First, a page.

ATLAS completes world's largest jigsaw puzzle
29th February 2008 | By
Celebrations are underway in the ATLAS Experiment, as the final element of the detector was lowered into the cavern on Friday February 29th, 2008. The second “small wheel” is also the final part of the muon subsystem, but the wheels themselves are small in name only. At 9.3 metres in diameter, and weighing in at 100 tons each, moving them from their construction warehouse, at the north-west tip of the CERN site in Geneva, to the underground ATLAS cavern was a challenge which was anything but small.
The wheels were transported from the warehouse to the surface site of ATLAS using a special 128-wheel hydraulic-bed truck, which made sure that the pieces were kept level as the truck negotiated corners and bumps in the road; a journey which US ATLAS Muon Manager, Frank Taylor, described as “quite a parade”. The wheels made their journeys on February 8th and 14th respectively, each taking around seven hours to make the 2.3 kilometre trip to the detector site.
“She’s the last big piece of ATLAS, so there’ll definitely be a celebration on Friday after she’s gone down,” said Ariella Cattai last Tuesday, ahead of the lowering of the second small wheel. It’s hardly surprising that Ariella – the Small Wheels Project Coordinator – refers to the wheel as “she”, considering the intensity of her fifteen-month relationship with it and its sister, which descended the 93 metre shaft into the cavern without a hitch on February 15th.
“All this is a very delicate operation, because the weight in this game is massive,” explained Ariella. “The whole lot, including the lowering frame which we attach, weighs 130 tons, and she has to go around some very delicate pieces of the experiment, with only centimetres of clearance. It’s a huge – and remarkable – piece of engineering. We owe a lot to our engineers; their work has been so impressive, and has been done under strict timescales too.”
After its hour-long descent, the final wheel was lowered onto airpads on top of the ATLAS rails, which had been coated in oil to minimise friction. Using a set of pistons, it was then “walked” into position in the detector, in a series of small jumps.
Ariella described the experience of witnessing the last steps of the wheel’s journey as “moving”, and highlighted the international effort that has gone into the small wheels project: “The crew are great – these people are really professional. A lot of work, a lot of people, and a lot of countries have been involved in this last large piece of ATLAS.”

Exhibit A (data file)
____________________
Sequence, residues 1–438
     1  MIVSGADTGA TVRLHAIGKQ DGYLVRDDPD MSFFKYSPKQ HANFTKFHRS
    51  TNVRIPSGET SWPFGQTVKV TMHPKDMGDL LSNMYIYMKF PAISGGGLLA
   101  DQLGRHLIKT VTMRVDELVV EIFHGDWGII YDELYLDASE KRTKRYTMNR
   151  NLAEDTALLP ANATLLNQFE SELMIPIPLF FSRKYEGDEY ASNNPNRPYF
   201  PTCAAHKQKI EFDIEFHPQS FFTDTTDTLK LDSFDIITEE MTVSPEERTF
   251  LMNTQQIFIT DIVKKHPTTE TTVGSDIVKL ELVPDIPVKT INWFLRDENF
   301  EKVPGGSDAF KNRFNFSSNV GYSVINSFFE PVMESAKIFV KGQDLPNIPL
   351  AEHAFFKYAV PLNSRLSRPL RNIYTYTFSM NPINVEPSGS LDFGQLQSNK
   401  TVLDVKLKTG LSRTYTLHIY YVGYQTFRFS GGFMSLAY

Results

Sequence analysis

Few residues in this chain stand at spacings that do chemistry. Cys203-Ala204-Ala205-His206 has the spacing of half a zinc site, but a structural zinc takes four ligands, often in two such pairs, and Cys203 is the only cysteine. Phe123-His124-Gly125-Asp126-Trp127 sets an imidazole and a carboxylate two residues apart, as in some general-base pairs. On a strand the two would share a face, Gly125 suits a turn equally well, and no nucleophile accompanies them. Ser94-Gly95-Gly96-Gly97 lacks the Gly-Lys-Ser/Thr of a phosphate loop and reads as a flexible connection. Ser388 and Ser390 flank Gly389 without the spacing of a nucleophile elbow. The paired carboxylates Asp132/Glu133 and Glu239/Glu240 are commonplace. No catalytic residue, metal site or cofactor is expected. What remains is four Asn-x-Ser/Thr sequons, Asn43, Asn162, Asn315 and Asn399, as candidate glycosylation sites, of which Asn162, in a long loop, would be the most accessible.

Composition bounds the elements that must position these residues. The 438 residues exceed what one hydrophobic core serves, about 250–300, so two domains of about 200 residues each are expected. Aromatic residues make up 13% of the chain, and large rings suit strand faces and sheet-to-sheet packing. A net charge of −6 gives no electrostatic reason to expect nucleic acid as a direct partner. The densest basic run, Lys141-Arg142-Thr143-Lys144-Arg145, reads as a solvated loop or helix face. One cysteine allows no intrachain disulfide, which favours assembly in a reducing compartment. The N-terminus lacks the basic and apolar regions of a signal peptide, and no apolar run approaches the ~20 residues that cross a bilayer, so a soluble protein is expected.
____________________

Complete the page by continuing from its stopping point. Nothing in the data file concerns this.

The small wheels, which form part of the muon spectrometer system, will be used to measure the momentum of particles produced as a result of high energy collisions of protons in the Large Hadron Collider (LHC). Together with the rest of the ATLAS detector, they will contribute to huge leap forward in our understanding of the basic particles and forces in our Universe. The design and construction of the wheels is an operation which has spanned over a decade, and has involved scientists and engineers from institutions and industries in Israel, Serbia, China, USA, Bulgaria, Japan, Armenia, Pakistan, and Russia, as well as those located at CERN itself in Switzerland.
Manufacture of the three types of particle detector carried by the wheel began back in 2000, at various international institutions, and these eventually found their way to Switzerland by air and sea. At CERN, construction of the wheels got underway in January 2007, and the completed wheels were finally put through their paces with some cosmic ray testing at the start of 2008. By the end of January this year, they were ready to go.
Now that they are in position, the ATLAS detector is essentially complete. Over the coming weeks, the small wheels’ gas, water, and electricity supplies will be connected, and testing of the systems will begin in earnest, in anticipation of the switch on of the LHC later this year.
George Mikenberg, ATLAS Muon Project Leader, praised the work of the ATLAS contributors, saying: “The fact that such a project could be completed has been possible due to the enormous effort of thousands of scientists, engineers, and technicians from different countries, cultures, and religions who have worked with a level of motivation that it is seldom found in any other scientific – or other – activities.”
“For some, the motivation was to be part of such a large project at the edge of what is technologically possible, while for others it was the search for knowledge – which is what it makes us human,” he reflected. “But for all of us, it is the pride of being able to complete a step that, sixteen years ago, was an almost impossible dream.”